Jung has vision for future as Rangers' third baseman

February 23rd, 2023

SURPRISE, Ariz. -- One day this offseason, sat down at his computer and created a vision board. 

He said his mental performance coach, Brian Cain, has told him for years to do it, but he never got around to it. This season, Jung wanted to put a bigger emphasis on his mental game and how he can really dive into the mental side of his performance on the field. 

The Rangers’ No. 1 prospect admits he didn’t perform like he wanted to after a stunning MLB debut in September. He homered in his very first big league at-bat, but finished with a .204 average over 26 games. After he did nothing but hit at every level of the Minors, it was a new kind of struggle for Jung.  

The vision board and his work on mental performance are meant to keep him grounded to the game around him and help him continue to succeed.

“I just want to make sure I'm really dialed in and I keep that part of me in check,” Jung said. “I felt like I kind of got away from it in the big leagues when I was struggling last year. So it's more of an emphasis and just having positive reminders around for myself because it's going to be hard. I'm facing the best pitchers in the world. You're going to struggle up here. I just want to have some stuff around my locker with me just to psych myself back up.”

Lots of things are on the vision board, Jung explained, but one part is his favorite. 

“I have, like, ‘Are you not entertained?’ [from the movie "Gladiator"] with a question mark on there,” Jung said. “I have an internal thought and question to myself to kind of put on a show. Not necessarily be cocky and all that, but for myself, like go out there and leave it all on the field.”

He also now uses the mantra, “Leave no doubt,” similar to his “Be water” approach in 2021. For Jung, it’s about just going out and playing the best baseball he can, without letting things that are out of his control take up space in his mind.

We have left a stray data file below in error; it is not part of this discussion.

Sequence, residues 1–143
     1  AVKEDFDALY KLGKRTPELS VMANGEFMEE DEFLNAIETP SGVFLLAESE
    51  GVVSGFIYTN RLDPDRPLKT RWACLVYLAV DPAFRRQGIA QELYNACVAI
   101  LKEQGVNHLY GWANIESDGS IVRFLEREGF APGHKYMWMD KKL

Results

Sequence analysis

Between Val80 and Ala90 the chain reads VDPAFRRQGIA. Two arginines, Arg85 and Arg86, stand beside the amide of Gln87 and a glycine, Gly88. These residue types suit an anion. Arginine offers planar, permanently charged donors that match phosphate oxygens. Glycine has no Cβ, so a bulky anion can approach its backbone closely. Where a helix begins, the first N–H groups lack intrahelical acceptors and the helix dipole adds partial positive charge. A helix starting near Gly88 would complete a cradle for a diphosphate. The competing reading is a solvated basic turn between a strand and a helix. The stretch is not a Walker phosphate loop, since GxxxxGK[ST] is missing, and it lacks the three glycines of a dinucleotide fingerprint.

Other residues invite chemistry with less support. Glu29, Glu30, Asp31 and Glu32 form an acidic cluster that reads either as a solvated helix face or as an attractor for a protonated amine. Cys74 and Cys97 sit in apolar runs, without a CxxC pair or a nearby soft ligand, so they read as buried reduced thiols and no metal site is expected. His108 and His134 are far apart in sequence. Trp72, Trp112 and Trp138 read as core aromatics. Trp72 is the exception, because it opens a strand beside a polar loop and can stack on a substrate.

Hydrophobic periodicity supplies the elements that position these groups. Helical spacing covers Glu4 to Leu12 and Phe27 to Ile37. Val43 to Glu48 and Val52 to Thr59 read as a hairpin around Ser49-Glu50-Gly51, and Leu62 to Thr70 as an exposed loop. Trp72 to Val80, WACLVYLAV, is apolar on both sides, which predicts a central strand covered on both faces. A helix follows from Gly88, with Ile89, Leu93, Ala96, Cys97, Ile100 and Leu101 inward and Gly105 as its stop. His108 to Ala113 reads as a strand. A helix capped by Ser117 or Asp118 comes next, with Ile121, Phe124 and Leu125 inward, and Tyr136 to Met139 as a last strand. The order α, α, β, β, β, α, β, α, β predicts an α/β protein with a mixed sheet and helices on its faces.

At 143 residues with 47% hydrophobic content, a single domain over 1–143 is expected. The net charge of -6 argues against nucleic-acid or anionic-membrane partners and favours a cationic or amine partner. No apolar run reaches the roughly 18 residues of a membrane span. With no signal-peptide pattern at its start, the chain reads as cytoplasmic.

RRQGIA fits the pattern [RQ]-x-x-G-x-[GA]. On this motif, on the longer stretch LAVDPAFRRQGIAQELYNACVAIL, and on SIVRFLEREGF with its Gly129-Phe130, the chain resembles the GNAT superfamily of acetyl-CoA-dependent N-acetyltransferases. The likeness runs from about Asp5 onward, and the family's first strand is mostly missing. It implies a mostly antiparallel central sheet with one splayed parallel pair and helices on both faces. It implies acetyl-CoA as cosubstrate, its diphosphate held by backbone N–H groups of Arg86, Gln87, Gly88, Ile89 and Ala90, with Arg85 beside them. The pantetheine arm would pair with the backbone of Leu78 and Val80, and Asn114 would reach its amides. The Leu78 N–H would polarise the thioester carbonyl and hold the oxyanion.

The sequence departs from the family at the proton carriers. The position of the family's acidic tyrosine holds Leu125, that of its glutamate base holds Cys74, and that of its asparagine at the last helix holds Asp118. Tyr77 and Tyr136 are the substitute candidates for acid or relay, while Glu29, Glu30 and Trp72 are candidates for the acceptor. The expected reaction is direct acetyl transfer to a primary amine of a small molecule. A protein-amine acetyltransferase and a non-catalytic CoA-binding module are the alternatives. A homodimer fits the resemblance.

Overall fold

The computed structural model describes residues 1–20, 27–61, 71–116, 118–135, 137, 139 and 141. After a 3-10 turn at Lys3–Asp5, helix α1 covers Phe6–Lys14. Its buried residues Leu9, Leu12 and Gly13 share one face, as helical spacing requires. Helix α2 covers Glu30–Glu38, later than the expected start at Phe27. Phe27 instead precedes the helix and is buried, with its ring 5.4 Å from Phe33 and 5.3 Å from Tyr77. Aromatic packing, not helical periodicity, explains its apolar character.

For Jung, MLB’s No. 34 overall prospect, almost nothing has been in his control over the last few years. The COVID-19 pandemic shut down what would have been his first full Minor League season in 2020. A stress fracture in his left foot delayed what could have been his MLB debut in '21, and he was unable to compete for the Opening Day job in '22 due to left shoulder surgery to repair a torn labrum early in camp that left him sidelined until early August.

But looking back at all of that, he recognizes that it’s OK to give himself grace for a slow start in the big leagues. 

“I wasn't fully healthy,” Jung said. “I was doing everything I could just to come back and play baseball. I got the opportunity to get my feet wet, but I've got to give myself some grace. But, man, it was a struggle. I was struggling, but looking back on it, it wasn't as bad as I thought. I’m ready to go now. The digesting part of it was more of a like, ‘Don't put so much weight on it, because that's not really who you were at that point.’”

After a long journey, he’s solidified a spot on the big league roster alongside seasoned veterans Corey Seager and Marcus Semien in the infield. He’s long been seen as the Rangers’ third baseman of the future and he has a chance to prove it. 

“Embracing is going to be the biggest thing for me,” Jung said. “It's going to be fun and there's really no pressure on me because I’ve got two guys making 500 million to my left. They should take all the pressure, I'll give it to them. But for me, it's just trying to fly under the radar and not make a headline to where I did something bad. Just do my thing, be consistent, hold it down, make some nice plays, hit the ball hard and I think everything will fall in place.”

One would hope that things falling into place leads to an American League Rookie of the Year Award. Jung noted with a chuckle that he’s OK with not being a front-runner for the Award. He actually might prefer it.

“I love it,” Jung said. “I truly love it. You use it to light some inner fire within yourself and go out and just prove them wrong.”